But the arguments in favor of such a system are too important to ignore. Right now, the Fray is full of lively and thoughtful discussion, but it’s almost impossible for newbies to find it. Editors can flag a handful of quality posters and posts, but they can look at only a small sample of the new content that pops up every day. They have even less time to prune the boards of posts that are downright abusive or obscene.
We can solve this problem by giving Fraysters the chance to recommend good messages and mark bad ones. The point here would be to make the site easier to navigate, not to rate every post on some arbitrary numerical scale (like one to five stars). That’s why we’re going to have just two options: recommended and not recommended. We’re not interested in nuanced judgments about the quality of a post; we just want to know whether it’s worth reading. We want users to recommend a message if it’s particularly interesting or thoughtful, and recommend against if it’s irrelevant or abusive. And for posts that are anywhere in between, we’d rather see no rating at all.
Of course there will be those who exploit the user ratings to critique an argument they don’t agree with or to boost up the visibility of their friends. We expect the system will be more useful in some forums than in others. Polarizing political topics, for example, will surely get more than their share of ratings hacks. But for the rest of the Fray, the recommendations should prove to be a valuable navigation tool.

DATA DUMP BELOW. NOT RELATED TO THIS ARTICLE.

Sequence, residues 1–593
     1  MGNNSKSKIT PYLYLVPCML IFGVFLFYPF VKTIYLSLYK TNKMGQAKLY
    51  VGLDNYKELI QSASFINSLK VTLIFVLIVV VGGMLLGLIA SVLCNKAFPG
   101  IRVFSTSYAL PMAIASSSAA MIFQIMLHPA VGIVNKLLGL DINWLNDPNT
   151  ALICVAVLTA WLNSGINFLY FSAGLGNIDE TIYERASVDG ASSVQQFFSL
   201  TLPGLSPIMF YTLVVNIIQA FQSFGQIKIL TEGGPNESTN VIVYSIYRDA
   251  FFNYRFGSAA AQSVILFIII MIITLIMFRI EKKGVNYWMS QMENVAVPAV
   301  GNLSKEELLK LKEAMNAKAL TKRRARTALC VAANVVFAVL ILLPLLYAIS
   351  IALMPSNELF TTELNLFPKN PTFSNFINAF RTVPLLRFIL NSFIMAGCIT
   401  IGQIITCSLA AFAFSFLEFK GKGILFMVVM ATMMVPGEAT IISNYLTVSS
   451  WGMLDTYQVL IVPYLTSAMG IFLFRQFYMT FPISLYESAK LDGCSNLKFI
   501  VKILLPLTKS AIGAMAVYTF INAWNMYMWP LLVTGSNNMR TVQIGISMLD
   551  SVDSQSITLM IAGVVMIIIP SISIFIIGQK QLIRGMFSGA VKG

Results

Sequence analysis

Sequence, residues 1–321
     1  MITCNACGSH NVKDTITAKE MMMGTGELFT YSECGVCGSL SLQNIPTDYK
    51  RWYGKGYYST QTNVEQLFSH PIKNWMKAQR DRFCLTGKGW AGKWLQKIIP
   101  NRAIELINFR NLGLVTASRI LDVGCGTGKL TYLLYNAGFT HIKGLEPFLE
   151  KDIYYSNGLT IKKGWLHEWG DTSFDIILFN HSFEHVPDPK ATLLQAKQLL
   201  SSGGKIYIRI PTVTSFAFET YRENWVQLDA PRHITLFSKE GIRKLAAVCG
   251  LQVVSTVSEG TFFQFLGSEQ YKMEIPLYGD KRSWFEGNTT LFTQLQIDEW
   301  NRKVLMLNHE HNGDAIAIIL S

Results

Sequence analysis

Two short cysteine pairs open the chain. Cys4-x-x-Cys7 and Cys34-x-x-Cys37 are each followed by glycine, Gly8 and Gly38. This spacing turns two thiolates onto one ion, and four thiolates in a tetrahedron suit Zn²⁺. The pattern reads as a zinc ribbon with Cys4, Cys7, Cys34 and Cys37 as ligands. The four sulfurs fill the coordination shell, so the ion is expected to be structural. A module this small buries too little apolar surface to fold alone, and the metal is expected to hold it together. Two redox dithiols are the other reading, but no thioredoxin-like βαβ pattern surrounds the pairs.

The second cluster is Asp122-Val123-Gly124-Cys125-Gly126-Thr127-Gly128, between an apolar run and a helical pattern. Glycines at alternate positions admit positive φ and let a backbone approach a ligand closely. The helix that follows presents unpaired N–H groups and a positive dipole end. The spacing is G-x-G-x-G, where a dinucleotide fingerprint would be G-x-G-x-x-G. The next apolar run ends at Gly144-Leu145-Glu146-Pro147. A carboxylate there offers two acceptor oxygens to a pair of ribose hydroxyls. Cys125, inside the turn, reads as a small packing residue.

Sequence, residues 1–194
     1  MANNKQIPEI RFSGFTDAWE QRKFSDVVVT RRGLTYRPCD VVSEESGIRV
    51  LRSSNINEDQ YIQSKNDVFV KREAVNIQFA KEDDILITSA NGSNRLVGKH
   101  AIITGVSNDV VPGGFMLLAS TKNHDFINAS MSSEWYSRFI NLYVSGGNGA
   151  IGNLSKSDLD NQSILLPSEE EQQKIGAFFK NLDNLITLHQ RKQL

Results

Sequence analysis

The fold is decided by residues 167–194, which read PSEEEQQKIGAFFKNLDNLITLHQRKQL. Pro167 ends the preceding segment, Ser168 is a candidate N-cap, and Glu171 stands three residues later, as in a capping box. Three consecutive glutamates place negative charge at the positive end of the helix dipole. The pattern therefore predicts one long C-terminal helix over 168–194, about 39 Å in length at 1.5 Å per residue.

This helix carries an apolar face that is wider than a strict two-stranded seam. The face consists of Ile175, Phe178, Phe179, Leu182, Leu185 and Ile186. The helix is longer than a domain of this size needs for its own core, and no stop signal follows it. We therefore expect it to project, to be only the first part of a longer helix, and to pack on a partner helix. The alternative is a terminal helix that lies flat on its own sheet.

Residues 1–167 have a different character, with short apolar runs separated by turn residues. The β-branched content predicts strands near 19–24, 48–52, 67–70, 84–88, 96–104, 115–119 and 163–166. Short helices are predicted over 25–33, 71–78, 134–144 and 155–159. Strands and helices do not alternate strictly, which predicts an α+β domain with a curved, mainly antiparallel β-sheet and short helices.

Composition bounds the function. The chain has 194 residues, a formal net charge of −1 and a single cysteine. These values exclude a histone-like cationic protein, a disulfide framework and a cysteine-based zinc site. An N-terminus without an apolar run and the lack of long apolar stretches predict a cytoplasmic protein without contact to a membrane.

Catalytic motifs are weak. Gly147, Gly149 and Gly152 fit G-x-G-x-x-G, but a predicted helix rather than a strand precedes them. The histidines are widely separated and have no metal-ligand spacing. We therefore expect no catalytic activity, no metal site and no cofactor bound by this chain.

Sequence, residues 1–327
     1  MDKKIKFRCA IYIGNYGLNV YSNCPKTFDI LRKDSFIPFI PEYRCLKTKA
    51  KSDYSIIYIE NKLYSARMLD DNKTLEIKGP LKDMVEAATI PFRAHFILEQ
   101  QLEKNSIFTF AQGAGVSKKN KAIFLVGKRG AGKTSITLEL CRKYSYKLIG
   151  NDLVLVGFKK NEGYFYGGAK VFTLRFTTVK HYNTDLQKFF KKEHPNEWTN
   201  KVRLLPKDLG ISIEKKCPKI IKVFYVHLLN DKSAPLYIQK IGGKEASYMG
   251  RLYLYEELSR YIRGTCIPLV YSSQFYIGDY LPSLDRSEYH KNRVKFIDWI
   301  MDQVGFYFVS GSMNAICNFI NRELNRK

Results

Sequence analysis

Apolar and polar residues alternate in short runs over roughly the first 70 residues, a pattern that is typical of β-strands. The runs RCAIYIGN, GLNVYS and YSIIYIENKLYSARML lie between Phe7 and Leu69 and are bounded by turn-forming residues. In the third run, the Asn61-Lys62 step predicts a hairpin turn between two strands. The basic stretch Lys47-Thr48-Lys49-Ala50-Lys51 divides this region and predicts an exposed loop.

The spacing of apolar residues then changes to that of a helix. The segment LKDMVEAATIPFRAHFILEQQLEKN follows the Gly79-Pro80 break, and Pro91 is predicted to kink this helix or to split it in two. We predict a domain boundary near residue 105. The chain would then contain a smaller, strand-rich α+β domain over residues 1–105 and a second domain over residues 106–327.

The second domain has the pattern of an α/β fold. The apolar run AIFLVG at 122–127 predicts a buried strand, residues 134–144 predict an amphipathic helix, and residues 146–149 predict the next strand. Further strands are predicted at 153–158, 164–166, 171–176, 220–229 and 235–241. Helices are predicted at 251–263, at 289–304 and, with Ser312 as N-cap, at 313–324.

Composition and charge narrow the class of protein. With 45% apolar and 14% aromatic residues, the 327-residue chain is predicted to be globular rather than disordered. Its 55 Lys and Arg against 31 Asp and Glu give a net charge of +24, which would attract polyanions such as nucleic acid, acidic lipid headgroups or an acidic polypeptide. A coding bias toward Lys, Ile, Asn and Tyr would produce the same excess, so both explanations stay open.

This is a big step, and we’re not sure exactly how it will turn out. We encourage you to use the ratings if they help you to find good posts. And we hope you’ll ignore them if they don’t. (You will also have the option to turn off the ratings altogether.)
One more thing: If you’d prefer a more objective measure of public opinion, we’ll also have readership counters for each post. You’ll be able to sort through the boards to find the threads that received the most views from other users.
Finally, a note on your Fray accounts: Starting this week, we should have a script up and running to help you migrate from the old system to the new one. You’ll be prompted to reserve your user name and password for the relaunch in June. The Fray editors will be available to help resolve any difficulties caused by the new script. If you have trouble logging in next week, shoot them a message at email@example.com.
Time to address the issue of “star posters.” In theory, the star-shaped icons in the Fray are supposed to flag the work of our best and most thoughtful reader-commentators. They reward the top users and help the rest of us sift through to the work of the certified pros.
The poll results on this were a tossup, with a slight majority in favor of keeping the current system.
Those who’d have us keep the star icons appreciate them for raising the level of discourse on the boards. Not only do the stars make it easier to find good posts, but they also inspire better writing and more thoughtful ideas from other users (hoping to earn their own stars).